Photo: “Marius a avalé de travers….” by Bastien HAJDUK

The psychology of color is something that marketers have been leveraging for years. However, a quick Google search will show that there’s a lot of misinformation and oversimplification out there about the meaning of colors and how to use them to promote your product.

While it’s tempting to look to a pseudoscientific infographic to choose your brand colors for you, it’s better to dig a little deeper and look at some of the more credible evidence we have about the effect color has on consumers. Let’s take a look at some key points on the use of color in marketing, backed by data, and see how you can use them to your advantage.

In Dream of Colors - Mosque of Colors by Ramin Rahmani Nejad on

1. It’s not just about hue.

You’ve seen those charts online: red = excitement, and blue = calm and responsibility. We’re sorry to tell you they’re oversimplified. It is true that warm hues (red, orange, yellow) are more arousing while cool colors (green, blue, purple) are more relaxing. And there is some credence to meanings by hue, but you can’t lean too heavily on it.

Much of the early research on hue didn’t take into account the saturation (how vivid the color is) and brightness (how light or dark the color is) of a given hue, and it turns out those can make all the difference; a 1994 study found these attributes cause a more dramatic emotional impact than hue.

Use this knowledge: Take the presumed meanings and associations of a given hue into account, but don’t make them the only factor in your color choices. See the other points in this article to help guide your choices.

2. Saturation is important to consider.

Saturation, or chroma, refers to how vivid a color appears. A color with low chroma seems washed out; a color with high chroma will look rich and vibrant. Low chroma is more relaxing; high chroma is stimulating. Therefore, changing the saturation of a hue can create a vastly different experience for the viewer. Think about a travel company that wants to make you think of a dreamy relaxing escape using low chroma imagery, or, alternatively, encourage you to take the adventure of a lifetime using high chroma imagery.

Big Sur bridge by Ziruo Jpg on

Here we have two images of Big Sur. The feelings they evoke vary based on saturation. The highly saturated image above is more stimulating; the washed out image below is more calming.

Untitled by Kevin Reber on

Use this knowledge: Decide what sort of emotional effect you want to have on your audience and adjust your saturation levels accordingly. Most software programs show you a color wheel with the low saturation colors at the center of the wheel and more saturated colors towards the outside of the wheel. For your web design, packaging, and promotional imagery, use saturation to your advantage. So, for example, a software company might choose high-saturated images if they have created a cutting-edge app that makes life tasks easier, but choose lower-saturation if their app is say, about financial safety or family connections.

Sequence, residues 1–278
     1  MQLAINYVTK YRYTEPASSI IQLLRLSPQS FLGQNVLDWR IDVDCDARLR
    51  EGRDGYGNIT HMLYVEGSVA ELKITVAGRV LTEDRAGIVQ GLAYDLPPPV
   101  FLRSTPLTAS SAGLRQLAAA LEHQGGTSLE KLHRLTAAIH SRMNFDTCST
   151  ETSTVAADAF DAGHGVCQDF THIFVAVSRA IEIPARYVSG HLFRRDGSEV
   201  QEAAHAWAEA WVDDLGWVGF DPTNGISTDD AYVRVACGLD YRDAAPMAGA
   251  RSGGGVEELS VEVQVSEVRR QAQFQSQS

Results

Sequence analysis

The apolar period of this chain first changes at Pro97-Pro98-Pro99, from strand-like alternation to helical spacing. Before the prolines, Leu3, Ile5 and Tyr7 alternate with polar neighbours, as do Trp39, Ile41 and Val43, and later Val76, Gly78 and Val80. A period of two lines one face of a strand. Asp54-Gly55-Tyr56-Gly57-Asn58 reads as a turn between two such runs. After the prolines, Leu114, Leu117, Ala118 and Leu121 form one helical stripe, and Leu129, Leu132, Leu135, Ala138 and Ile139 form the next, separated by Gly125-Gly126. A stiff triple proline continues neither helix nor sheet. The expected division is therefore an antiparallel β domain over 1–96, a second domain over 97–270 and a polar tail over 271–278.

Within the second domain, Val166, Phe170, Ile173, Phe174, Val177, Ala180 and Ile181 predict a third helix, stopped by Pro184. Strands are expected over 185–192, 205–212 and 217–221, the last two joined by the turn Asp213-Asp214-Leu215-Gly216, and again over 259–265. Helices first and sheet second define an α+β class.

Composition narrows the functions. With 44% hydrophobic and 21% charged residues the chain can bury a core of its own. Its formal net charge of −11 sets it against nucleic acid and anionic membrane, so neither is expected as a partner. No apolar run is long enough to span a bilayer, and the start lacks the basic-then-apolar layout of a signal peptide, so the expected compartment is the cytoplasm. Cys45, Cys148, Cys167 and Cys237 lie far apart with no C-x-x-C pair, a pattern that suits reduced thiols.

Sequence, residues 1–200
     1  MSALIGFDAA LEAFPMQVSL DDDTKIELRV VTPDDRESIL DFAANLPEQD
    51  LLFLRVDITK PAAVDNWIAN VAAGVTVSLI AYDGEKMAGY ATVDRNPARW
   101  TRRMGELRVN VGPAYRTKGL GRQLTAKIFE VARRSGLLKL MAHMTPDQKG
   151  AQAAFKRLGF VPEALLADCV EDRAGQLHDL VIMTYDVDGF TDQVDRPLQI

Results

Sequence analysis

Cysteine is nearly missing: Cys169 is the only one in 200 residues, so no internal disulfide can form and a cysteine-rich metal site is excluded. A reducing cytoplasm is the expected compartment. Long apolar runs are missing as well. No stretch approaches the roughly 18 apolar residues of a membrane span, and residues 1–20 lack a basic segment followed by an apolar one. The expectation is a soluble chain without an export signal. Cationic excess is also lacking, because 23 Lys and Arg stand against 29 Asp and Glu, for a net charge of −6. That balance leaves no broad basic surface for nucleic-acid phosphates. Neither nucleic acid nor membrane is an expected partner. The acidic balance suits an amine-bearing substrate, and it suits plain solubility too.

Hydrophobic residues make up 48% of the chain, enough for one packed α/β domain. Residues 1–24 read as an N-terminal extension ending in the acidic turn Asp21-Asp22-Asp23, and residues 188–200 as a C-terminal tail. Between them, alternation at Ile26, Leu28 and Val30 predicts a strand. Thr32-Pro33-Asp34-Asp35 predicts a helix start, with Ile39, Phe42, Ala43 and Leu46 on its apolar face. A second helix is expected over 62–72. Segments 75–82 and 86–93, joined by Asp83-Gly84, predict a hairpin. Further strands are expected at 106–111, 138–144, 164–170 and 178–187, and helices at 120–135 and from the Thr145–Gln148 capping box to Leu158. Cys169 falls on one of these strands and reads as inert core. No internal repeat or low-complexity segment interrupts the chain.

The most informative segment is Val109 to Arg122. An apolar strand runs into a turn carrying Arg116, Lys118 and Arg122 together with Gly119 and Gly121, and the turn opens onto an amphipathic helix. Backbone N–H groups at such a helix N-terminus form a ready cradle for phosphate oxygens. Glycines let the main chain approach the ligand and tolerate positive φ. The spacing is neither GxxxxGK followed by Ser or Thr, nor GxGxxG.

Beautiful young woman using a mobile phone by Milenko ?ilas on

Young woman checking a message on her mobile by Lars Zahner on

3. Brightness makes a difference.

Brightness, or value, refers to how light or dark a hue is. Low value colors are referred to as “shades” and appear dark. High value, brighter colors are called “tints.” Low value colors are more stimulating; high value colors more relaxing.

Use this knowledge: Again, decide if your goal is to stimulate or relax your audience. Also, a McInnis and Shearer experiment showed that women prefer tints, and men prefer shades, so if your audience leans more male or female, keep that in mind. Shades are generally thought to be more mysterious and powerful in tone. Your software will likely allow you to adjust the value of a color by means of a slider bar on a gray scale.

Woman running in urban park by Caia Images on

Choose brightness levels based on your intended audience. Women may prefer the brighter image, while men generally prefer shaded images.

Chasing the sunset by Igor  Milic on

4. Color preferences are influenced by both nature and nurture.

Color preference theories range from evolutionary adaption (for example, women evolved a preference for pinks and reds stemming from their role as gatherers searching for pink and red foods to eat) to cultural influence (boys prefer blue because they’re given blue toys and toys are fun). As a general guideline, women prefer hues of red, yellow, blue, purple, and pink with low value and low chroma. Men prefer blues and greens with high values and color saturation.